Even if you do get your visa – after an appointment at the Consulate and an interview with a consular officer and another fee of $190 per person (the amount keeps going up) you may be turned back at the border, at the whim of whoever is looking you over at the point of entry.
In theory, the process is meant to protect US musicians from an influx of international competition, so the screening (by the musicians union) would weed out rank amateurs and performers who were no better in their field than a US performer…something hard to be objective about.
But I wonder whether there aren’t other reasons. The visa fees are high, the time needed to get a visa is long, the bureaucracy is complicated, and the border and customs people at airports are now in a heightened state of alert (old joke – is that a neutron bomb or a new trombone ?) – perhaps keeping artists out is keeping America ‘safe’ ?
The upshot is that many wonderful artists from abroad are cut off from US audiences for live performances – or rather US audiences are denied live performances from international performers –and thus ideas and inspiration– from beyond the border.
Suppose you are an accomplished jazz musician from the USA, and your dream is to bring your music to the large audience in Europe.
Just hop on a plane and off you go! Willkommen, bienvenue, welcome.
That said, I am getting ready to send the ICP Orchestra from Amsterdam back to the USA in May 2018 – our 7th tour. We just have too much fun and too many fans to call it a day. I feel like a pole vaulter, the beam keeps getting set higher and higher, and we’re getting on in years here at the Instant Composers Pool.
Joep Beving, 41, has 85 million hits on Youtube.
That’s enough these days to secure the Dutch amateur a Deutsche Grammophon contract.
Youtube description: In 2015 Amsterdam based composer Joep Beving composed and recorded his debut solo album “Solipsism” at home in the still of night. The album is filled with introspective and often filmic piano compositions. Beving’s sound could be described as the opposite to over-produced and complexly layered music styles. His ambition for “Solipsism” is to keep the music stripped back to its essence: simple sounds to express complex emotions. It represents a quest for essence and beauty, expressed in a neo-classical vocabulary. “Solipsism” refers to the philosophical idea that reality only exists in one’s mind. Everything outside of it, the external world and the minds of others, cannot truly be known and hence does not exist. Beving’s music is an experiment in existential communication, a belief in an absolute aesthetic, to prove that a universal and metaphysical reality does exist.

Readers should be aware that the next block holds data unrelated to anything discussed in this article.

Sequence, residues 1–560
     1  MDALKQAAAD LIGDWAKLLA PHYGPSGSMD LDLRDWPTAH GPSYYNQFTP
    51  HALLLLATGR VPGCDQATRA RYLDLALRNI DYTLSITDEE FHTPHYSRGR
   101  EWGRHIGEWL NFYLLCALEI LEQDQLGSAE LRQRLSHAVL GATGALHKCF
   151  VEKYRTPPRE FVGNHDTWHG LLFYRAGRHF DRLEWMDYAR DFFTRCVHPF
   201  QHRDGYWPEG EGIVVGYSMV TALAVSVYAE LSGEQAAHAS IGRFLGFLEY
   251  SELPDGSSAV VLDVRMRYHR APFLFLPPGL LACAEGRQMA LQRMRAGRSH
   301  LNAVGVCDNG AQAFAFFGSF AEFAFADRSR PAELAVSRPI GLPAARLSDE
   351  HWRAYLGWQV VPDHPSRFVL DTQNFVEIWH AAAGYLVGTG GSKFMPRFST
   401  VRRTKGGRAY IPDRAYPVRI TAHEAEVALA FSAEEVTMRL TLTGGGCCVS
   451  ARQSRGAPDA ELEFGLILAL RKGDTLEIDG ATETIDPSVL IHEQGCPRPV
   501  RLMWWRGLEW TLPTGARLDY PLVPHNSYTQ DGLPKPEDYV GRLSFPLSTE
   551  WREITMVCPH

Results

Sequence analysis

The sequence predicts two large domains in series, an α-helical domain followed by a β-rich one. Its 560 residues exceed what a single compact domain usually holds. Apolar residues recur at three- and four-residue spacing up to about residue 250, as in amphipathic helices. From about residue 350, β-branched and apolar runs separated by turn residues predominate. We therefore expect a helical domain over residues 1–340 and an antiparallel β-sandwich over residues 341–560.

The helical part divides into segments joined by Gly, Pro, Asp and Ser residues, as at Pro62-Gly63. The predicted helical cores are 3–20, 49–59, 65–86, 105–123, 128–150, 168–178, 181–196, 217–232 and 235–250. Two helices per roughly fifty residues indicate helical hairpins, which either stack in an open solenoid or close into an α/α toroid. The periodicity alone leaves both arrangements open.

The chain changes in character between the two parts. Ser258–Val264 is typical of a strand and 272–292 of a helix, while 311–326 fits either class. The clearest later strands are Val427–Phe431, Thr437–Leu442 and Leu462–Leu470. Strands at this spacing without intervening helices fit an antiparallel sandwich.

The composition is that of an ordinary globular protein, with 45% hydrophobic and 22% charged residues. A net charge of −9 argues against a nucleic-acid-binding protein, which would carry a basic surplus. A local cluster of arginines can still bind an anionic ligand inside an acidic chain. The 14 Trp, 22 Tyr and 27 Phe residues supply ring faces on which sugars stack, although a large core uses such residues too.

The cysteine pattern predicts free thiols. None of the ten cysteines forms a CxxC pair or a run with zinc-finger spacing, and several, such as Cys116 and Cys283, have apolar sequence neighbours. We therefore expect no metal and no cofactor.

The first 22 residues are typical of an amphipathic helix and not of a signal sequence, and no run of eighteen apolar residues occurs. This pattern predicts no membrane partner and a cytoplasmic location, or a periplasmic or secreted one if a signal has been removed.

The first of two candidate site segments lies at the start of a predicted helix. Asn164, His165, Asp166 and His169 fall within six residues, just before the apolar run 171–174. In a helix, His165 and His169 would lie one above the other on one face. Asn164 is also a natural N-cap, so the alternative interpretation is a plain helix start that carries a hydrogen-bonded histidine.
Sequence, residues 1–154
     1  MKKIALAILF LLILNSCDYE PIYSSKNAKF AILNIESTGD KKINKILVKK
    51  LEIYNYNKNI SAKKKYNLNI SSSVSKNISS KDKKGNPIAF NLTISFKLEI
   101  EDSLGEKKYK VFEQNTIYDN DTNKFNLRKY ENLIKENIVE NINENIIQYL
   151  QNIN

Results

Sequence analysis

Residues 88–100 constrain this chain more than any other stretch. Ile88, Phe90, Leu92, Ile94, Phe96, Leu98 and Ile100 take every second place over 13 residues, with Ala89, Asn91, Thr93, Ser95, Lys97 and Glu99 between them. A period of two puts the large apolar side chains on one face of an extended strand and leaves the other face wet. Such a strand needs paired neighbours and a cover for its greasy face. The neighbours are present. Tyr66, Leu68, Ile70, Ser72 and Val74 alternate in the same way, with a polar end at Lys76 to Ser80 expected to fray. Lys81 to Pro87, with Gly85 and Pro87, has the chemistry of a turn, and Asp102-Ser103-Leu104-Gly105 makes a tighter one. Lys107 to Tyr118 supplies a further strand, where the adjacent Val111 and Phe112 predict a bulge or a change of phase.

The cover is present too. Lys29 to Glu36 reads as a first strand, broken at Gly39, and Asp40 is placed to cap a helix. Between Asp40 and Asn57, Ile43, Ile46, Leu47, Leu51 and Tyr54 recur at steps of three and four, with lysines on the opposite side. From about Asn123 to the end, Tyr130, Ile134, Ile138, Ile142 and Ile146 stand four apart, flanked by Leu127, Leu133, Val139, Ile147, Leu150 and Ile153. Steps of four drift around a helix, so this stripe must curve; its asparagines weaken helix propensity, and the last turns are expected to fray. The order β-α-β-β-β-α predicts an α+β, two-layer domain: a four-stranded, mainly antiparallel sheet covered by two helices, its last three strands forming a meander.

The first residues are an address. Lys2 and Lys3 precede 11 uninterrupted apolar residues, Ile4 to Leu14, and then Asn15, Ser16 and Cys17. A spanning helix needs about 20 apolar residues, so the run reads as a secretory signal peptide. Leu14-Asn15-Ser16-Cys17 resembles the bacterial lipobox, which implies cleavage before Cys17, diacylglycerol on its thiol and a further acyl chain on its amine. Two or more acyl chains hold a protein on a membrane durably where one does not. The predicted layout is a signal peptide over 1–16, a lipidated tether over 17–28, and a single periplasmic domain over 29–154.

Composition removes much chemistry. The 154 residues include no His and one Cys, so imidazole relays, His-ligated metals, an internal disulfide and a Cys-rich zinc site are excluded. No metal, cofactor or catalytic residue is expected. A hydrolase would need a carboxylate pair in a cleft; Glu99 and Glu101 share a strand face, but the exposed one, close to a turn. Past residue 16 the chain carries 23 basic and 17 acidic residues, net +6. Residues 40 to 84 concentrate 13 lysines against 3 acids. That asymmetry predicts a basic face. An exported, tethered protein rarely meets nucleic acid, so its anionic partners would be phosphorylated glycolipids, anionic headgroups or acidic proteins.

The Indianapolis Symphony Orchestra has issued a vigorous defence of its music director, Krzysztof Urbanski, who is being sued for harrassment and age discrimination by former principal bassoonist, John Wetherill.
Wetherill, 62, says Urbanski had ‘move out and replace’ strategy for musicians over 40.
The ISO’s response is that most of its musicians are over 40 and that the only one to be removed under Urbanski was 25 years old. It admits that several musicians resigned during the new conductor’s first years, but this was natural. ‘Defendant denies the baseless, malicious assertion of unlawful conduct by Mr. Urbanski,’ says the ISO.
Amid the ovations for Renée Fleming, who had sung her last Marschallin, musicians in the Met orchestra were saying goodbye with a tear or two to second horn Michelle Reed Baker, who is retiring.
Michelle has been a popular member of the orchestra since 1990.
photo: David Krauss
The popular baritone is celebrating the birth of a baby girl, born to his fiancée, the harpist Hannah Stone.
Sir Bryn, 51, has three sons from his first marriage, which ended in 2013.
Yoel Gamzou has been named music director in Bremen.
Yoel – who is 29, not 30 as stated in German media – is a multi-talented, thoughtful composer who has created and recorded his own version of Mahler’s tenth symphony. He has previously been Kapellmeister in Kassel, where Mahler preceded him.